Myra Hietschel was born and raised in Newark, New Jersey in a family that consisted of her parents and her beloved younger brother Ira. After high school, she got a job working at the American can manufacturing company. World War II was going on, and after work, in order to do her part to support her country, Myra would spend her evenings volunteering, along with her friend Emma, as nurse aides at a local hospital in Newark where there was shortage of nurses.
Later, following the war, Myra’s brother Ira met a girl named Marilyn, and they fell in love. Shortly after that Ira was shipped off to Texas to serve for two years in the army. During this time Myra regularly wrote her brother, sending him money for personal items as well as stamps, so he could keep up his correspondence with his sweetheart Marilyn. He was short on money, you see, because at some point Ira spent most of the money he had on an engagement ring for Marilyn, which Myra secretly kept around her own neck for safekeeping until Ira could get back home to present it to Marilyn himself.
Myra was happy for Ira and Marilyn’s love that they had found in one another, but she was 28 and most girls in those days were married long before they reached such a ripe old age. Myra accepted the fact that marriage just wasn’t going to be a part of her life. She would, nonetheless, be content.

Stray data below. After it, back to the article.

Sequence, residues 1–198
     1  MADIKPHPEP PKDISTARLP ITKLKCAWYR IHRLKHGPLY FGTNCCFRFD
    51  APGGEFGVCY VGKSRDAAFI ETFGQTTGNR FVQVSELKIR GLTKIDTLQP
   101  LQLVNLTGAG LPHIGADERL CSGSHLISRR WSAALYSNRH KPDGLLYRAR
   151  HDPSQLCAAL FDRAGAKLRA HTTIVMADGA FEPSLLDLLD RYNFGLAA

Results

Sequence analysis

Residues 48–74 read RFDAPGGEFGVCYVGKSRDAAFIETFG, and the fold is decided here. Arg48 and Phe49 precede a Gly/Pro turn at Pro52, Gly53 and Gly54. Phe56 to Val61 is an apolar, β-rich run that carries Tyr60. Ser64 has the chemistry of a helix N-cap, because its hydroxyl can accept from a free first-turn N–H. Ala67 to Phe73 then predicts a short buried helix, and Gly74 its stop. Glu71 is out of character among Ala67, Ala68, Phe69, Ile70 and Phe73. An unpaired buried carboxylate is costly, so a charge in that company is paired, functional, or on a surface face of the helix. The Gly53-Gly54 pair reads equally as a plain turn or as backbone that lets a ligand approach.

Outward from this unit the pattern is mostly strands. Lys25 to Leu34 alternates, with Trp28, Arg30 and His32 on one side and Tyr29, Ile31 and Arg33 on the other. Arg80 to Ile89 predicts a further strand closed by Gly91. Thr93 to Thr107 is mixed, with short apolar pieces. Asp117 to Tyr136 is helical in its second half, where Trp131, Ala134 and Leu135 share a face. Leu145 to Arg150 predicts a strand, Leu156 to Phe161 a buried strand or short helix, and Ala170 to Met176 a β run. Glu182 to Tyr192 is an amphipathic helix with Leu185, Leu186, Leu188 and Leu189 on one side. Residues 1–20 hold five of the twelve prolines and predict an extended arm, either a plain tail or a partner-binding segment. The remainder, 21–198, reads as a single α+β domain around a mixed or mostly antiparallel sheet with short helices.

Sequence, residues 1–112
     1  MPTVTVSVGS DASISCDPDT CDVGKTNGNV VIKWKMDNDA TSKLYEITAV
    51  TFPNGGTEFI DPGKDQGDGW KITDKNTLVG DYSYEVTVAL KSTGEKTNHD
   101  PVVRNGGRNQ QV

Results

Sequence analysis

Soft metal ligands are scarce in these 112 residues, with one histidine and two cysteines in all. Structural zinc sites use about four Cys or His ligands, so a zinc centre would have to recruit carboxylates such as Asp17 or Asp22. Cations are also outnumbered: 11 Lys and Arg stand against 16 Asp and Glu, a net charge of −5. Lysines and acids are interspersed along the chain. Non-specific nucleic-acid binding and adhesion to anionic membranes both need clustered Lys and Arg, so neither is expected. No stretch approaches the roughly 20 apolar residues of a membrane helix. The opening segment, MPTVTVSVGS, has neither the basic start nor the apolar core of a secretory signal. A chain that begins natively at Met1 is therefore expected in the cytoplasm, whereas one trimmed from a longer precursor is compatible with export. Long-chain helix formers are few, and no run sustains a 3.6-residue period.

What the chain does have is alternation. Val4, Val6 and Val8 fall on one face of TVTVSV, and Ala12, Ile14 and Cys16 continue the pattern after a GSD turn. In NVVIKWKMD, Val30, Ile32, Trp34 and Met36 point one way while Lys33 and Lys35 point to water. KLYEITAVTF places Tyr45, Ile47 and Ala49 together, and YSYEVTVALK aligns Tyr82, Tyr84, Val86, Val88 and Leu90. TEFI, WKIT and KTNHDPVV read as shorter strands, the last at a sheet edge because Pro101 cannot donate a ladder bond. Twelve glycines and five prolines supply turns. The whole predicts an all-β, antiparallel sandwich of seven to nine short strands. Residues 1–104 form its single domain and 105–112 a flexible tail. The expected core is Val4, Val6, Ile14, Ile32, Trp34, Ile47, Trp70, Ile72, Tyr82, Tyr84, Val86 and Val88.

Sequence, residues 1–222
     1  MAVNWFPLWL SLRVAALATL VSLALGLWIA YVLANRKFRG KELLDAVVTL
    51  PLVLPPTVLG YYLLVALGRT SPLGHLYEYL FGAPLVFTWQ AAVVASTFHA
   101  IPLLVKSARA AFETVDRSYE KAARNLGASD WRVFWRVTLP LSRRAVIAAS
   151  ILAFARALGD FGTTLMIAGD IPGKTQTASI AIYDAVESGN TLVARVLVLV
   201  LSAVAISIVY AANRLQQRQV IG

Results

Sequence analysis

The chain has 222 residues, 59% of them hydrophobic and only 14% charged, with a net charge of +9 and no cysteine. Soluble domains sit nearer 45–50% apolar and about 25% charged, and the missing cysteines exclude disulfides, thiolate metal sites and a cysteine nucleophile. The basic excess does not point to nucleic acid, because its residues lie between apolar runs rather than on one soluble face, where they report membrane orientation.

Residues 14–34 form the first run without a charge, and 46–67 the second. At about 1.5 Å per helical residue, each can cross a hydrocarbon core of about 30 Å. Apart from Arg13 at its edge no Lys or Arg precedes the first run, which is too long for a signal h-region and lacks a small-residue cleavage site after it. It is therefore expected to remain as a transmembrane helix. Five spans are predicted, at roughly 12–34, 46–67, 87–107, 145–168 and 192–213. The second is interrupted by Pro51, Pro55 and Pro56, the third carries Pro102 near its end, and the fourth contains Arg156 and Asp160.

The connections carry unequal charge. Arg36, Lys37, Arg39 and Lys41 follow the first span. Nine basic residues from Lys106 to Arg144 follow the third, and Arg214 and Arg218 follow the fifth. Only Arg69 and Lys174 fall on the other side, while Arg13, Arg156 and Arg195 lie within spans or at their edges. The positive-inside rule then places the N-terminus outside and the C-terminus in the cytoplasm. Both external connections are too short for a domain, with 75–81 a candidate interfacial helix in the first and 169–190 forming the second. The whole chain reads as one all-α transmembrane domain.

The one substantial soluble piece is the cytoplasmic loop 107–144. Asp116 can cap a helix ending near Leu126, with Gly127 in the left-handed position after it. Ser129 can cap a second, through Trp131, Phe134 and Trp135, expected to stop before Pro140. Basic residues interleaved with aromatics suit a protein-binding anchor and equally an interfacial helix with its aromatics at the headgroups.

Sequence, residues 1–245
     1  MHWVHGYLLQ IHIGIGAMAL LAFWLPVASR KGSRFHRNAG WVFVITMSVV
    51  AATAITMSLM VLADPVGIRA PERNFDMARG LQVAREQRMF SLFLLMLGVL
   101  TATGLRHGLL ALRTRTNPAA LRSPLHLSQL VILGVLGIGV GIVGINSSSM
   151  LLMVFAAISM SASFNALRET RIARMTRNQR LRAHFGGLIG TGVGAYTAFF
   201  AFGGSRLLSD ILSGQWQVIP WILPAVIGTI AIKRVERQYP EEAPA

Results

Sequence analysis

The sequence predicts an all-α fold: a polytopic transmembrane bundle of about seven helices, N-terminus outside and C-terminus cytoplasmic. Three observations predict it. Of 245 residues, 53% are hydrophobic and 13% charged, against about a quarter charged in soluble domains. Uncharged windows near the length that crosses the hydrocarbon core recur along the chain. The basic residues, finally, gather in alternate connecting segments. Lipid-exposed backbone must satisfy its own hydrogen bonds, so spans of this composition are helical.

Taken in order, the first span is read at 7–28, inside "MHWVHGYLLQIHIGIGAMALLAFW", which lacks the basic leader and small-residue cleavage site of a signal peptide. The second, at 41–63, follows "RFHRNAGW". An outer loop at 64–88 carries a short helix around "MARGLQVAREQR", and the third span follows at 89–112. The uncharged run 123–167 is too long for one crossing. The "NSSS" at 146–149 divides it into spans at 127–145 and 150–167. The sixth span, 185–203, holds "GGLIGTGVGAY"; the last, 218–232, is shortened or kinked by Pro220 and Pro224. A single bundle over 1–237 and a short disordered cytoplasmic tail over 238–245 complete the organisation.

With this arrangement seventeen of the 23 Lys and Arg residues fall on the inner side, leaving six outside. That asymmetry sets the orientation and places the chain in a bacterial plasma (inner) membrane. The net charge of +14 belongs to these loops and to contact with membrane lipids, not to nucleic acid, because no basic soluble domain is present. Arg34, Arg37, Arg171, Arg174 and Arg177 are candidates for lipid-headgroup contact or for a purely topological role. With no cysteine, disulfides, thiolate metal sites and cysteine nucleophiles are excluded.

And then one evening at a dance she had gone to with her friend Emma, she met Hank, recently home from the Korean war. When she least expected it, love showed up. To everyone’s amazement, six months later on September 12, 1953, Myra and Hank were married, beating Ira and Marilyn to the altar. (Myra and Hank would be married on this earth for 48 years.)
In 1959 Myra and Hank moved to Parsippany. Shortly thereafter Myra’s widowed mother moved in with them, living with them until her death in 1973, as Myra faithfully and lovingly cared for her in her old age. Hank’s mother also lived in Parsippany, and Myra and Hank were vigilant in looking after her needs as well.
Myra shaped a happy life together in Parsippany. For many years she worked in the accounting office at Allied Chemical.
Ira, Marilyn and their two kids, Kevin and Ellen were a big part of Myra and Hank’s life, with Ira becoming Hank’s best friend. They alternated hosting Thanksgiving, Christmas and Easter. They took vacations at the shore together, where Myra and Hank loved to swim in the ocean, swimming, in fact out beyond where the waves broke. (Much later she would say that one thing she missed was putting her feet in the surf.) At every imaginable holiday, Kevin and Ellen, and later Kevin and Carol’s children Corrie and Natalie, would receive a card with $5 in it from their aunt and uncle. It was just one of those things you could count on. Myra loved traditions.
Myra enjoyed crocheting, jigsaw puzzles, reading, and playing hymns on the piano. She collected crystal figurines and ration cards from World War II and postcards and the gift tags of presents long ago received. She enjoyed the simple, everyday stuff of life, keeping a diary, recording what happened each day, big or small. She particularly enjoyed getting on the road with her husband to see this great land; together Myra and Hank traveled to all 49 states of the continental US.
A big part of her life, of course was this church. It was an extended family for her. She loved going to church; loved being a part of the United Methodist Women. She truly was the “salt of the earth, the light of the world,” as Jesus said of his disciples. Her warmth and humility, her gentle compassion and genuine goodness, were one of those quiet sustaining strengths that sustained the life of this congregation. Together here in church Myra and Hank nurtured a simple, heart felt faith in the goodness of the Lord that saw them through everything life brought them.